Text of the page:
14 comments:

  1. I always think of areas like this would be great ones for hauntings-I hadn't heard of this exact location before-but you are so right about the incredible beauty of some of these places-if I ever have money again I will get cable back so I can catch some of these shows-very interesting series!and thanks for the work and research bringing it to us!!

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  2. Hey Devin;
    You might try this to see episodes of Ghost Hunters online
    http://www.scifi.com/rewind/

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  3. OMG, you are so funny "Zak Baggypants". I have to admit that I enjoy watching them and will continue to do so. I do remember the GH show and the moving lamp. Pretty cool stuff.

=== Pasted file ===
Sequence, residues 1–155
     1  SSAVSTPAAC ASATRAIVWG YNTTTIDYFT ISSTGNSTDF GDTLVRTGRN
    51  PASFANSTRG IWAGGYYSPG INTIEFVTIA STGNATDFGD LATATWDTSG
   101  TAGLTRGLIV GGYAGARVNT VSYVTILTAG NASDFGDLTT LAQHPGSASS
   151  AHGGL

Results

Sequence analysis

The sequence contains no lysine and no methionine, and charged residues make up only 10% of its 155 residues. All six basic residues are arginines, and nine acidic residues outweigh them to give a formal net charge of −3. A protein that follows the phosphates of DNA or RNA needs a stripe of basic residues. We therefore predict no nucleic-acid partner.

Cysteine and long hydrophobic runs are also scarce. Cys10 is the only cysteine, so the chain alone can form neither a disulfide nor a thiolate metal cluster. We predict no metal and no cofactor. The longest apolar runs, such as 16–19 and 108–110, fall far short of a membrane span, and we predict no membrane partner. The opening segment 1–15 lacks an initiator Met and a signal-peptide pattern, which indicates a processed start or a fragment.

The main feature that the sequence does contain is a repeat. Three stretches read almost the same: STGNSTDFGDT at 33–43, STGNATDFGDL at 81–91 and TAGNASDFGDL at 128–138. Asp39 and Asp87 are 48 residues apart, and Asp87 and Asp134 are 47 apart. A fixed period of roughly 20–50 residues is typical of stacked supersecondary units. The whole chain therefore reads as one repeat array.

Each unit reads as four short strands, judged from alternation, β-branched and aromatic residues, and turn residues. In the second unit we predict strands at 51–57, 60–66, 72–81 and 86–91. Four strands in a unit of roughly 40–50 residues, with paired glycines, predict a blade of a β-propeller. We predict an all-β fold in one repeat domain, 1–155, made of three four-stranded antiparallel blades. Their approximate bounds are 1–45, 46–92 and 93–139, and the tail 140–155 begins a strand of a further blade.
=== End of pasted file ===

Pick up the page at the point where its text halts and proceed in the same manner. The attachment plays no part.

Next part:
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  4. You have to have your guilty pleasures, those shows you hate to admit you watch. I admit, however, that I've never watched one of their episodes twice--once is really enough because nothing so exciting happens that I have to see the evidence again. On the "I'm proud to admit it" side, my favorite show in the world is "Big Bang Theory" (every household should have a Sheldon).

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  5. ha ha , the three stooges, how funny!
    i can actually tolerate the other two a lot more than Zak. He barely lets them get a word in. But I'll keep watching this show just in case they catch something interesting.

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  6. Sandra;
    Totally agree--Nick seems like the daddy of the group and poor Aaron--I just love that expression he constantly makes--mouth hanging open, eyes all bug-eyed. He's like a teddy bear locked in a gnome factory.

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  7. Is the picture actually from the place?? It is so beautiful!!!!!